Tuesday, January 11, 2011

datetime fun with mysql: when do i lost my time?

In our project, we chose the data type of a column as datetime in MySQL. We built models that are in line with our tables. For the datetime attribute in the database I chose to use the Date object in Java model and the show begun.

When I tried to use my model's Date attribute for setting the corresponding field (with setDate()) on the prepared statement I saw that the object types dont match. What I have in the model is java.util.Date while the prepared statement asks for java.sql.Date. Ok then I'll convert it. I googled a bit and found a solution, or rather thought that I found a solution.

ps.setDate(1, new java.sql.Date(model.getDateField().getTime()) )

First I was converting to a millisecond unix timestamp with getTime() and then converting it to second (by dividing with 1000) and then wrapping the result into a java.sql.Date object.
The result was far from satisfying. The time part of the date (hour, minute and second) were missing in the result. The date in the model was '2010-10-26 14:13:33' and the result in the database was '2010-10-26 00:00:00'.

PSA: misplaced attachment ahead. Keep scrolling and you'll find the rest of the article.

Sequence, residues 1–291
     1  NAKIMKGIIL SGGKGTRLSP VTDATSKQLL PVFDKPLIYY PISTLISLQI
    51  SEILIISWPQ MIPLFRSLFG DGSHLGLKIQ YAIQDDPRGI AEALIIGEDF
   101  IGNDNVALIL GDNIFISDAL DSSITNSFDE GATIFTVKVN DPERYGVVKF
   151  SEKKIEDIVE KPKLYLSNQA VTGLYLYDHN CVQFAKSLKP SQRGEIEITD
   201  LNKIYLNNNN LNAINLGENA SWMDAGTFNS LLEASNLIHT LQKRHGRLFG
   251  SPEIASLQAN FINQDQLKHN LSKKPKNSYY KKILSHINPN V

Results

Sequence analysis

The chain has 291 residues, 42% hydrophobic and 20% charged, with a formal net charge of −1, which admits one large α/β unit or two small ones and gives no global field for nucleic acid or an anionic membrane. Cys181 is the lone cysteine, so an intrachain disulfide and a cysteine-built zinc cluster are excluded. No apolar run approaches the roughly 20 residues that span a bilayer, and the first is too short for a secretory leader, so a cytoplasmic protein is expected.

After that I googled a bit more and inspected few javadocs then came up with not one but two solutions.

SimpleDateFormat dateFormat = new SimpleDateFormat("yyyy-MM-dd HH:mm:ss");
ps.setString(1, dateFormat.format( model.getDateField() ));

The first solution creates a SimpleDateFormat object which formats the Date attribute of the model as a String and we use setString() of the prepared statement for setting it.

The second solution is below.

ps.setTimestamp(1, new java.sql.Timestamp(model.getDateField().getTime()));

We first get the Date attribute and then convert it to unix timestamp in milliseconds for wrapping it into a Timestamp object and call the related setter.

I didn't notice major performance difference in one of the solutions I offer which means that you have to test it in your cases.

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